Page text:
Taal Volcano Island shows signs of life
Under the scorching heat of the sun early this month, in an open and barren land, a team of scientists surveyed Taal Volcano Island, the first since the volcano belched tons of ash and displaced thousands of families in a steam-driven eruption nearly a year ago.
Among them were a biologist, an earth scientist, a marine life researcher, and geologists who collected samples of soil and water, as well as life forms—from insects to mollusks to soil microbes—for laboratory research.
The findings will form part of the posteruption baseline data on the volcano.
“The whole intention of the expedition was to start a scoping session [since] the current environment on the island remains risky,” said Ed Coronel, executive director of First Asia Institute of Technology and Humanities (FAITH) Botanic Gardens.
“It was like a ‘look and feel’ [expedition],” he said.
Streaks of gullies
From the fishing boats that they used to reach the island on Dec. 5, the scientists readily noted patches of “revegetation” from the shrubs and trees that survived the thick ash pile, particularly along the northeast and eastern portions of the island, which locals call “Pulo,” that face Balete and Tanauan City in Batangas province.
But the island generally remained desolate, with streaks of ash gullies that were most likely formed by surface water runoff during the heavy rains experienced in recent months.
The gullies of hardened volcanic ash and soil rose 1.5 meters to 2 m, and climbing over them was difficult, Coronel said.
“It’s hard to move around. You have to retrace [a gully] all the way back,” he said.
The scientists did not see a single horse around or a farm animal that might have survived months after the eruption, but “a dog or two” were there that some erstwhile residents might have brought back to the island when they fished on the lake anew.
There were other signs of life, like the raptors that biologists in the team surmised to have begun returning to Pulo after the eruption.
“Among the directions of the research is to understand the succession and revegetation posteruption. It is in terms of how life grows back in an area where a [volcanic] explosion occurred,” Coronel said.
There were many initial suppositions, but one was that the earth’s movement might have affected Taal Lake’s water, which rose and submerged as far as 20 m of Pulo’s shoreline.
A concrete structure, once Barangay Calawit’s tourism office, now stands on the waterline, Coronel said.
The crater lake, at the center of this complex volcano that gave Taal its name “a lake within the lake,” is the color of milky deep emerald, an indication that the water has high sulfur content, he said.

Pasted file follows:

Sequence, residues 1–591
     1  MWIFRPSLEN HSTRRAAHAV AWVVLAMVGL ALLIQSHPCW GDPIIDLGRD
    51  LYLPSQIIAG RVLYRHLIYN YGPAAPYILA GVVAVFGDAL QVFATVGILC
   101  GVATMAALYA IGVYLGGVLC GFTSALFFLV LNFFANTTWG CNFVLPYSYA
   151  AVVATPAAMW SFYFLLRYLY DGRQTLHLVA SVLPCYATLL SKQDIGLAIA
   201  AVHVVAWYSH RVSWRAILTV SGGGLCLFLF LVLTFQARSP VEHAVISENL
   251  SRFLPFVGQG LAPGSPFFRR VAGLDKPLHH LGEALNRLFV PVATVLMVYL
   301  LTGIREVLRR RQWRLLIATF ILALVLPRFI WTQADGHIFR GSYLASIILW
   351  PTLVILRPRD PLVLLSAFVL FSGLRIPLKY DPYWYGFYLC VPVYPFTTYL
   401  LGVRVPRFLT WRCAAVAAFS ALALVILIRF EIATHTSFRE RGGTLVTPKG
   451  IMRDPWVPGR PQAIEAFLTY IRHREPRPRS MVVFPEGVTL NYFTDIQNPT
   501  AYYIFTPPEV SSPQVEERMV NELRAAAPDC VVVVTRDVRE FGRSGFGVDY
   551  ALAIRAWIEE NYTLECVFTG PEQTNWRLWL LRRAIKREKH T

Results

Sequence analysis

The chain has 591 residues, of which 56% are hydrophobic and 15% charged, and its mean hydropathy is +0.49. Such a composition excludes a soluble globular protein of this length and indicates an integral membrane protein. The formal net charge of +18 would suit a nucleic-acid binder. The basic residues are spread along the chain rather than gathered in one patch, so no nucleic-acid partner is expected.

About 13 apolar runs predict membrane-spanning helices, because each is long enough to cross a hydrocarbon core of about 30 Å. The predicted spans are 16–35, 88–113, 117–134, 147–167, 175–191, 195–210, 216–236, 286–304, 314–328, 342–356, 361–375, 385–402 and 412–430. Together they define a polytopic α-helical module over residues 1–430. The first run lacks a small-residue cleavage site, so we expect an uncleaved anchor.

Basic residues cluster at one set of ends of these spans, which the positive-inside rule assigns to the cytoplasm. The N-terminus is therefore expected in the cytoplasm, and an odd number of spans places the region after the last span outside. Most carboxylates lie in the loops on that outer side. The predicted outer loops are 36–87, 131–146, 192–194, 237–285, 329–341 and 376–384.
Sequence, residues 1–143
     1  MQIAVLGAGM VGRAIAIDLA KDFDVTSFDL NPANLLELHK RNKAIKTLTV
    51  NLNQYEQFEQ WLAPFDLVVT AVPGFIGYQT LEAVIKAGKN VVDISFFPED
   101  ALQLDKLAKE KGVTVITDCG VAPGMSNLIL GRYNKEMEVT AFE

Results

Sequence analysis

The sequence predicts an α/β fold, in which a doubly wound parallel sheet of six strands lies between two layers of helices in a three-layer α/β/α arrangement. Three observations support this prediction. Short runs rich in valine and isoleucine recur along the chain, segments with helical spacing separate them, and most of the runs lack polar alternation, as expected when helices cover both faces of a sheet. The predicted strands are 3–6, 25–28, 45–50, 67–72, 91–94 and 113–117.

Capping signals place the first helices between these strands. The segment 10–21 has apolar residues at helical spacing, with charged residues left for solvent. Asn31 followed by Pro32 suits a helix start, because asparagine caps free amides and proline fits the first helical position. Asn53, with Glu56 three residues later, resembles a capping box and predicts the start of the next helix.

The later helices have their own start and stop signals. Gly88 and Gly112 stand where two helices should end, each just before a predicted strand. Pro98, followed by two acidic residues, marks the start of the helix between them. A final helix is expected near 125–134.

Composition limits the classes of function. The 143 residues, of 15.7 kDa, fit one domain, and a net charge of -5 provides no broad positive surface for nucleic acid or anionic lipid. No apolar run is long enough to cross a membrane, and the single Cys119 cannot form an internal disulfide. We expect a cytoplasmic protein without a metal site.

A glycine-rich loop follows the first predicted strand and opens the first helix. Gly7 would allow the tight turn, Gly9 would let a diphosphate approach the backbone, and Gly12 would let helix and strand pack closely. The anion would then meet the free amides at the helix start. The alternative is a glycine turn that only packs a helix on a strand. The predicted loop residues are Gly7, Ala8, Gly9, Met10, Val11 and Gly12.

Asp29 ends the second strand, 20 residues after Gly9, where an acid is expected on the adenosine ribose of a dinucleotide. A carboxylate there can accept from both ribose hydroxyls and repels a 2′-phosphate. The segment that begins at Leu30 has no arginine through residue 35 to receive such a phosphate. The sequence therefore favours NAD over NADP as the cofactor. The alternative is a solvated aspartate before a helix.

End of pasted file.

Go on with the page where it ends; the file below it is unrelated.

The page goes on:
FAITH Botanic Gardens is a foundation of the private FAITH Colleges in Tanauan City.
In 2019, a private donor transferred 176 hectares of land to the foundation in Barangay Calawit on Pulo, which is under the jurisdiction of Balete town.
Property titling and decades of human settlement on the 2,300-ha Pulo surrounded by Taal Lake has long been a political and economic issue in Batangas.
The eruption on Jan. 12 prompted the national government to finally declare Pulo a “no man’s land,” barring the return of close to 5,000 people who had lived off farming, fishing and tourism by offering horseback rides on the island.
Knowing full well that the foundation could not build any structure on the island, Coronel, in an online interview, raised the question: “What do we do with this land?”
The eruption made scientific research “quite interesting,” if not more relevant than ever, he said.
FAITH plans to use the property as a “live laboratory” for faculty and students, according to Coronel.
The foundation organized the expedition and brought together scientists and experts from various fields and universities to survey the island as part of the “Agham ng Bulkang Taal” (Science of Taal Volcano) program.
Among the 18-member team were Lillian Rodriguez of the University of the Philippines (UP) Terrestrial Research of Ecology and Evolution Laboratory, Mario Aurelio of the UP National Institute of Geological Sciences, Alexander Young of the UP Institute of Environmental Science and Meteorology, and the University of Santo Tomas College of Science Dean Rey Donne Papa. Coronel said what the expedition offered were fresh and early data to establish the “benchmark” and fill in data gaps to fully understand the volcano. INQ
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